Natalya Romaniw’s star has been shining bright on the operatic stage for the past five years as her creamy soprano voice continues to draw an ever increasing legion of fans. A Daily Telegraph critic suggested in February this year that Romaniw was the next Netrebko of her generation.
At Opera Holland Park last season, I was enraptured by her lead performance in Tchaikovsky’s Iolanta. Her Tosca at Scottish Opera and, more recently, her Madame Butterfly at ENO, earned her the highest of accolades from critics and audiences alike. Her Cho Cho San at the Coliseum was unforgettable.
And now away from the heady world of live opera, Romaniw, together with pianist and long time collaborator, Lada Valešová, are bringing out Arion, an album of Slavic song repertoire.
To produce such a rich collection of Slavic songs is an interesting enterprise, but it’s not an unsurprising one, given both artists’ East European roots. Who best to interpret this rich repertoire than Czech pianist, Valešová, and Romaniw, whose Ukranian grandfather was responsible for encouraging Romaniw to take up music. Romaniw has dedicated her debut album to her late Dido (Ukranian for grandfather).
The recording offers a dazzling array of 28 songs, conceived by the great Slavic composers of the mid-nineteenth century. Composers that we have all heard of: Rimsky-Korsakov, Dvōrák, Tchaikovsky, Rachmaninov, Janácek. Only Vítēzslav Novák, who features at the tail end of the recording, is the surprise and welcome inclusion in this collection.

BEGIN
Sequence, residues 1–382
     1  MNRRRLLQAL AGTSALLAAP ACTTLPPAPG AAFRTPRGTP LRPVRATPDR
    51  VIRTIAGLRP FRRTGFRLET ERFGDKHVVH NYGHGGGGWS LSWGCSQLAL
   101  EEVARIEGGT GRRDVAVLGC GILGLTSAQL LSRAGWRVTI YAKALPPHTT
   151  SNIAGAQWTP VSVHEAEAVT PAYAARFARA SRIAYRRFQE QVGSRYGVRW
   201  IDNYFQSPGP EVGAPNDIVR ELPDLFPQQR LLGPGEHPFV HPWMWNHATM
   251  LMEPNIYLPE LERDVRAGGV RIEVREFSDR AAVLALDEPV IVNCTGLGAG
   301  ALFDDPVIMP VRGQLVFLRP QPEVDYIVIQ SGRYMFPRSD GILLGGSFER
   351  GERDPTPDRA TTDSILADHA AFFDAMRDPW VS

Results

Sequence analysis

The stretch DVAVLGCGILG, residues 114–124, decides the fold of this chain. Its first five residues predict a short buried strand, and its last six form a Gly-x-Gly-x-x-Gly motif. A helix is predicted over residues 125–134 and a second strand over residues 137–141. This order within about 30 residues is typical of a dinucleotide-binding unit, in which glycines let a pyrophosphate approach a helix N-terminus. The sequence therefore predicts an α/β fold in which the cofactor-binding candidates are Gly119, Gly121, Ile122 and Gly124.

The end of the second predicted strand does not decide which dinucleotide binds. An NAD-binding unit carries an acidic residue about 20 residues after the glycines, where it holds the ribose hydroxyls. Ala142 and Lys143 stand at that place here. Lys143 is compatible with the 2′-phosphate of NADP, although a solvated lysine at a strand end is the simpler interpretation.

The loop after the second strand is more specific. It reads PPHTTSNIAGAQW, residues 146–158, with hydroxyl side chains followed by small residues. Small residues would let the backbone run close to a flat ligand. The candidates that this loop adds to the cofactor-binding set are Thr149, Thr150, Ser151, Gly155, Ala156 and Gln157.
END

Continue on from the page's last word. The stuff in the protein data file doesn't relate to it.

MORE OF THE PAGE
Taking each composer in turn, certain works stood out on the first hearing.
In Rimsky-Korsakov’s ecstatic Summer Night’s Dream, Romaniw employs the full vocal register to operatic effect. Lada Valešová meanwhile provides the pianistic sparkle to this intensely romantic work.
Dvōrák’s Love songs, Op.83 following, draw on the German romantic ‘lieder’. Around the house now I stagger is a memorable evocation of the restless wanderings of a rejected lover. Dvorâk, like so many other composers of the time, was greatly influenced by Schubert and Schumann.
Romaniw meanwhile, is in her element singing Tchaikovsky, notably Gentle stars were shining upon us. Here,Tchaikovsky’s music really gives Romaniw’s voice licence to take flight.
Perhaps the most satisfying song section on the CD is provided by Rachmaninov. Romaniw’s rendering of the plaintive Oh never sing to me again, is quite perfect, lending it the right amount of pathos, but not too much. Meanwhile Harvest of Sorrow, set to Tolstoy’s beautiful poetry, is both defiant and heartrending. In the closing chapters of the song, I could even detect shades of the Afro-American spiritual! All of the Rachmaninov section is exceptional and Romaniw’s mournful timbre feels just right for this repertoire.
The latter songs on the CD are devoted to composers who were inspired by folk traditions. I was surprised how much I enjoyed Janáček’s Moravian-inspired repertoire. Here we get a taste of the real East European countryside and the dance. Of note, the deeply expressive Láska or Love and Constancy which comes across as a restless dance number.
Vitēslav Novâk (1870-1949), who was inspired by Janáček and Moravian folk music wraps up the album satisfyingly, Autumn mood is sung with great delicacy by Romaniw.
Before listening to this CD, I was worried that Romaniw’s vocal talents wouldn’t be stretched enough on this album but I needn’t have worried. Some compositions are pleasingly operatic, whereas the folk songs are richly emotive and artfully project the full romance of the Slavic experience. Recommended.
‘Arion’ is released on Orchid Classics May 1st 2020. http://www.orchidclassics.com/releases/orc100131-natalya-romaniw-lada-valesova/